from The American Heritage® Dictionary of the English Language, 4th Edition

  • transitive v. To control, govern, or rule by superior authority or power: Successful leaders dominate events rather than react to them.
  • transitive v. To exert a supreme, guiding influence on or over: Ambition dominated their lives.
  • transitive v. To enjoy a commanding, controlling position in: a drug company that dominates the tranquilizer market.
  • transitive v. To overlook from a height: a view from the cliffside chalet that dominates the valley.
  • intransitive v. To have or exert strong authority or mastery.
  • intransitive v. To be situated in or occupy a position that is more elevated or decidedly superior to others.

from Wiktionary, Creative Commons Attribution/Share-Alike License

  • v. To govern, rule or control by superior authority or power
  • v. To exert an overwhelming guiding influence over something or someone
  • v. To enjoy a commanding position in some field
  • n. A powerful underarm volley shot.
  • n. To overlook from a height

from the GNU version of the Collaborative International Dictionary of English

  • intransitive v. To be dominant.
  • transitive v. To predominate over; to rule; to govern.

from The Century Dictionary and Cyclopedia

  • To bear rule over; control by mastery; govern; sway.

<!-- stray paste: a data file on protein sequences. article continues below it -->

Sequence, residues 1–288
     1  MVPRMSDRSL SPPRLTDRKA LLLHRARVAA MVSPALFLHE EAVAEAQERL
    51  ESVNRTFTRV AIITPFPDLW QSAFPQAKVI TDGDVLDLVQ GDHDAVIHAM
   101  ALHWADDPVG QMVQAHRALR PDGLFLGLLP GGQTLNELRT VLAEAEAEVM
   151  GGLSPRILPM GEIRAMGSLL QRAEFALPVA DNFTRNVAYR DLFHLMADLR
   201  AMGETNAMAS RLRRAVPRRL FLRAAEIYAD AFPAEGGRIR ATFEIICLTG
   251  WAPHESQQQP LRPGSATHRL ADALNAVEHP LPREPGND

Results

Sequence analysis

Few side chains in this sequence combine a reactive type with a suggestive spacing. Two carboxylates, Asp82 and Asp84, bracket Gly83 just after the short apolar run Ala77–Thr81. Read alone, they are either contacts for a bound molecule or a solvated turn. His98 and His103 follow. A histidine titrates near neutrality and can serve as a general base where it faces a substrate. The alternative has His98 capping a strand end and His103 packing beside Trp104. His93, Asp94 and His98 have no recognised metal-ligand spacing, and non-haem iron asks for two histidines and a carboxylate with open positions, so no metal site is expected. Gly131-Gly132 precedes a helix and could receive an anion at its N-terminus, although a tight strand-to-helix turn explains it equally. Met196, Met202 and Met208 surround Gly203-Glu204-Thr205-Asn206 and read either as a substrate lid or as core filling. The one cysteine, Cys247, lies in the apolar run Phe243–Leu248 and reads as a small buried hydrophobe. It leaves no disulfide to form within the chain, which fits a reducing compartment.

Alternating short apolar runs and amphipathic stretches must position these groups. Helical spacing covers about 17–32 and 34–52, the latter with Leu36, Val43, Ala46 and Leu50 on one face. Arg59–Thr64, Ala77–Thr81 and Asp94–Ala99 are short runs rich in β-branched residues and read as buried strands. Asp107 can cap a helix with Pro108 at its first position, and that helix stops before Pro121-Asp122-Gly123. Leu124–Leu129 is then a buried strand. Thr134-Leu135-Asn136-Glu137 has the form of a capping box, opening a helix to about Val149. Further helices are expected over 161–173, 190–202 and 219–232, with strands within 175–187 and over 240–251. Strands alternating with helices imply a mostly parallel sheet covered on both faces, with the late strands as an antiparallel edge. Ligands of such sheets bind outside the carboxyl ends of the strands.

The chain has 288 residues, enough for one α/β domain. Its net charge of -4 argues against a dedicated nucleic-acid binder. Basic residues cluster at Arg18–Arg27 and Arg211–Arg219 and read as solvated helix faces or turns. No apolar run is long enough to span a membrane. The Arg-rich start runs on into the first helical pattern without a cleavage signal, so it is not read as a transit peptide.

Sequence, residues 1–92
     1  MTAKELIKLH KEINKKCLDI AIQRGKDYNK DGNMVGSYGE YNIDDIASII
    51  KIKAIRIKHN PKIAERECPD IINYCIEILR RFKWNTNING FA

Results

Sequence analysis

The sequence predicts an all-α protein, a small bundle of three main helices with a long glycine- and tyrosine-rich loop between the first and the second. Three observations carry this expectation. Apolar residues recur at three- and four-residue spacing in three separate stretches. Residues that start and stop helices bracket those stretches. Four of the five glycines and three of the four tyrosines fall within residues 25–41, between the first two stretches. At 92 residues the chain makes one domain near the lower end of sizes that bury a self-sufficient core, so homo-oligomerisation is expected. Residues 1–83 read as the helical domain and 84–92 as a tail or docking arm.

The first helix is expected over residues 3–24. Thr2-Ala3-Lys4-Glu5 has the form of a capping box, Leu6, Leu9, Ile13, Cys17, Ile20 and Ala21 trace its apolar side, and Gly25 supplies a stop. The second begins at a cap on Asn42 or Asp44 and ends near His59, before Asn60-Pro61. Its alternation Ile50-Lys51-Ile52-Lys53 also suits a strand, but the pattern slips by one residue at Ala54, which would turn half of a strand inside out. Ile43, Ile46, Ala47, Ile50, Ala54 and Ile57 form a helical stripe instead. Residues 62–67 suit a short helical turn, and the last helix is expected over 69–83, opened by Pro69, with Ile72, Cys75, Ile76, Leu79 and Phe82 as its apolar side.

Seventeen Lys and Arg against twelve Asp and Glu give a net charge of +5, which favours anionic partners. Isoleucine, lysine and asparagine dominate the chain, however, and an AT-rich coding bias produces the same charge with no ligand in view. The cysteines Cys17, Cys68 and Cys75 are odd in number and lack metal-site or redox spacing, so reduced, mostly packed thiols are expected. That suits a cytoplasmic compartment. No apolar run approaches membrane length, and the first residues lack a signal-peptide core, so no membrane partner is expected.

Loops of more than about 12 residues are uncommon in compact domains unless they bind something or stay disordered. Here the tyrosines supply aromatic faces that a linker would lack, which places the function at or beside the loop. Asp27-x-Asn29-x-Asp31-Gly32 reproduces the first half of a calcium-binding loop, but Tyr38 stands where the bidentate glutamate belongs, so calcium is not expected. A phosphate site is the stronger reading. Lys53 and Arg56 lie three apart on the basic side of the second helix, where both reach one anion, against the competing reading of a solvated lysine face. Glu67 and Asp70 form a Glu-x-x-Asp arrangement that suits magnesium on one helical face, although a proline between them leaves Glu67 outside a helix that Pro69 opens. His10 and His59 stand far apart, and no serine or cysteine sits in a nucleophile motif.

• Hence To affect controllingly or most prominently; have chief influence over or effect upon; overshadow: as, a dominating feature in a landscape.
  • To hold control; predominate; prevail.

from WordNet 3.0 Copyright 2006 by Princeton University. All rights reserved.

  • v. be greater in significance than
  • v. look down on
  • v. be in control
  • v. be larger in number, quantity, power, status or importance
  • v. have dominance or the power to defeat over


from The American Heritage® Dictionary of the English Language, 4th Edition

Latin dominārī, domināt-, to rule, from dominus, lord.

from Wiktionary, Creative Commons Attribution/Share-Alike License

From Latin dominātus, perfect active participle of dominor ("rule, have dominion"), from dominus ("lord, master"); see dominus.



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